I too work in a steel mill, and I have to recommend the Toughbooks. We've had a couple of them survive being dropped into vats of molten metal. The hard part was removing them from the steel slab afterwards as the oxy-fuel cutting torch set a bit of the magnesium casing on fire on one of them.

          Boy, was that a strange meeting with the fire dept...

          • by melstav (174456) on Friday September 28, 2007 @12:12PM (#20783445)
            While the Toughbooks may survive a drop into a vat of molten metal, I have on good authority that they don't take well to being dropped into a spinning dynamometer.

            Buddy of mine who works for one of the "Big Three" had the Toughbook on the hood of a car on one of the dynos. Walked away from the laptop and the testing tech gunned the engine. Computer vibrated off the hood and went into the dyno's rollers.

            My friend picked up all the pieces, put 'em in a box, went back to his desk, and called the HelpDesk and said: "There's something wrong with my laptop. It won't boot. It booted up fine this morning. I think you need to send someone out to take a look at it."

            The look on the HelpDesk technician's face when he looked into the box is said to have been priceless.
          • ...is there no one left on Slashdot who grasps the concept of sarcasm?
      • by PlatyPaul (690601) on Friday September 28, 2007 @11:27AM (#20782735) Homepage Journal
        I'd rather go with the T-X [wikipedia.org] for its... erhm... features.
    • by fymidos (512362)
      What do you mean expensive? You can buy a thinkpad for $1500 - this is *cheap* for a T.
      In the good old days, T600 used to cost more than $3000 ...
       
    • Fujitsu (Score:3, Informative)

      by James Jazz (1030778)
      First off go to notebookreview.com to see which Laptop suits your needs. In your case, I would seriously look at a Fujitsu Lifebook. They are excellent machines, an E series or S series would be the perfect thin and light for you. But they are assembled in Osaka, Japan and NOT in Third Word mainland China. Checkout Panasonic Toughbooks although they are somewhat pricey. I believe Dell Latitude are assembled in Malayasia. HP Compaq are made in China. I think Samsungs are put together in Korea (although loads
    • Re: (Score:3, Informative)

      by samkass (174571)
      The toughbooks have the mindshare, but the Mercedes of rugged laptops is IMHO the Itronix GoBook XR-1 [gd-itronix.com]. (disclaimer: I work for General Dynamics.) But unless you're planning on taking this aboard a bouncing Stryker in desert heat or into a swamp in combat situations, any "MIL-STD 810F"-ruggedized laptop is almost certainly overkill.

      For an office environment, the consumer/business laptops are all basically made by the same people at the same facilities out of the same parts these days. Get whichever one ha
  • Ummmm (Score:5, Informative)

    by tgd (2822) on Friday September 28, 2007 @10:37AM (#20781843)
    You do realize Lenovo is selling the Thinkpads now because... *drumroll* they were the company that made them all along?
    • Re:Ummmm (Score:5, Funny)

      by anthonyclark (17109) on Friday September 28, 2007 @10:39AM (#20781899)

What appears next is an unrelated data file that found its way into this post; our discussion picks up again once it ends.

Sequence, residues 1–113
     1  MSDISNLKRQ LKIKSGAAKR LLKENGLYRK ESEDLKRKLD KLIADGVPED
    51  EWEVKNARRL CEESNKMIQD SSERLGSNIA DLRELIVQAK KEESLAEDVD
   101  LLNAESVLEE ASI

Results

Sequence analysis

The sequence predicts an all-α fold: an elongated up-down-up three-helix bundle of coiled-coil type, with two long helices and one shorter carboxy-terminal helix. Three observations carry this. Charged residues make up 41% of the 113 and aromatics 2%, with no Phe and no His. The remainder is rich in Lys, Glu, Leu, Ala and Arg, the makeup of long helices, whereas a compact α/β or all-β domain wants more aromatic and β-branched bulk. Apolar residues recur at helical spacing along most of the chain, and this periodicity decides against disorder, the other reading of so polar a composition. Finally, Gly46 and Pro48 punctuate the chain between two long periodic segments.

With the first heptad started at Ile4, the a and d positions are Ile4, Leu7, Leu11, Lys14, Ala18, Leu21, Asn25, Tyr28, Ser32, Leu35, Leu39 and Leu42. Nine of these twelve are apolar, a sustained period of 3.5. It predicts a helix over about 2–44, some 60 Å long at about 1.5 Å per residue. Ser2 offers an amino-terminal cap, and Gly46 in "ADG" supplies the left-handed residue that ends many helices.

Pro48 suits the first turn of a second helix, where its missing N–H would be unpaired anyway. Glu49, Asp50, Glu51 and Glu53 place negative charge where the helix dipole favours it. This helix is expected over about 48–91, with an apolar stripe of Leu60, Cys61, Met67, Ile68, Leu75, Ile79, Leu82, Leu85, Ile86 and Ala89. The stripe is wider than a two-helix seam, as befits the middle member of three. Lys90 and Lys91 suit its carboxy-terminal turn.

You do realize Lenovo is selling the Thinkpads now because... *drumroll* they were the company that made them all along?
      Lenovowned!
    • Re:Ummmm (Score:5, Informative)

      by OS24Ever (245667) * <trekkie@nomorestars.com> on Friday September 28, 2007 @10:47AM (#20782027) Homepage Journal
      How do you define 'make'?

      Reason I ask is the same building where Lenovo computers are 'made' (IE Physically Assembled) is also the same building Apple, Dell, HP, Acer, and many others are made. The company is contracted out to make just about everyones laptop.

      China has taken over the manufacturing of *so* many products that we use day to day in the United States (and every other country) that it would be downright impossible to function by 'boycotting' anything Made in China.

      I started to look into it after the tenth toy of my kids was recalled. My son's wooden trains, my daughters dolls. Fun stuff. Not that my kids chew on them or anything but still, figured I'd send em in.

      So I started wondering what I could get as far as a toy without Made in China on it.

      in Short, you can't easily. A specialty store sometimes you can find things made in maybe Europe somewhere, but US made things are hard to find and anything non-chinese is pretty hard as well. Forget about shopping at Wal-Mart. That's the retail arm of China now.

      In this current global environment it's impossible for a company to be cost competitive because as a consumer we've been trained to throw out everything and focus on price. If this toothpaste is $0.50 cheaper than that toothpaste, I'm gonna buy it. Never mind that one keeps a family in the US employed and has strict laws about what can go in it vs. the other guy putting antifreeze in his mixture in china.

      What's a person to do? It can be done, but it's not something that is easy.
      • Re:Ummmm (Score:5, Interesting)

        by jaweekes (938376) on Friday September 28, 2007 @10:55AM (#20782171)
        NPR did an interview [npr.org] with the author of "A Year Without "Made in China": One Family's True Life Adventure in the Global Economy" and they admitted that it was almost impossible to avoid goods from China. It's a very good interview if you want to reduce your purchases from "Made in China".